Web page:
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November 2005 edition

Boeing and Chorus Motors doing groundwork for onboard electric motors

By Daniel Cook

Boeing’s research and development unit, Phantom Works, has begun work on a collaborative project to develop a new breed of electric motors to move aircraft on the ground.

Boeing began the project with Chorus Motors a year ago as part of a continuing bid to reduce the industry’s ever-increasing fuel bills.

Chorus Motors’ WheelTug unit came up with a motor powerful enough, and small enough, to one day fit within the nose landing gear of an airliner.

If the development is successful, airliners will be able to taxi quietly around the tarmac, their engines silent, until they are ready for take off. It could also reduce the number of ground tugs used at airports, making for faster turnarounds. Chorus claims it could save airlines up to $6 million per aircraft over the 15-year life span of each motor.

However, with only the first stage of proof-of-concept testing completed, for now this lean and undoubtedly green innovation is in its infancy. But if Boeing and Chorus eventually triumph, aircraft manufacturers could be making way for the WheelTug in the airframe, as they do for avionics and other integrated systems.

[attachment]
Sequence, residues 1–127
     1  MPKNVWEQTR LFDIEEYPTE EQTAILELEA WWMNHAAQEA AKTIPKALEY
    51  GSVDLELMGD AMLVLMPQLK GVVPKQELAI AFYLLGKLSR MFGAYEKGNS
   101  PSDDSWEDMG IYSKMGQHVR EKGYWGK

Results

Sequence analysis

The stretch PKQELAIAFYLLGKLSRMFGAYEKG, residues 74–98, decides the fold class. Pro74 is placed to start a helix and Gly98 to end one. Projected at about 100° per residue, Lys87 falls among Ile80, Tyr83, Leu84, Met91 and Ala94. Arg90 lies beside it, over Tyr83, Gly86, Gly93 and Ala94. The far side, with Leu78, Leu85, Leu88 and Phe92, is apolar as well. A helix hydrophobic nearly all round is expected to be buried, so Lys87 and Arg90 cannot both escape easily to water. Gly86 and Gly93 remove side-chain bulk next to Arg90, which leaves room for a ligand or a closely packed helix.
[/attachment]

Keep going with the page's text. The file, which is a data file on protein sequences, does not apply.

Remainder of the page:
The concept was tested in June 2005, when a Phantom Works/Chorus Motors team installed an electric motor on an Air Canada 767 and conducted a series of successful tests. Air Canada pilots performed ground manoeuvres on slopes and terrains typical of those at airports around the world.

Tests were performed at ramp temperatures exceeding 120 degrees Fahrenheit and at load....

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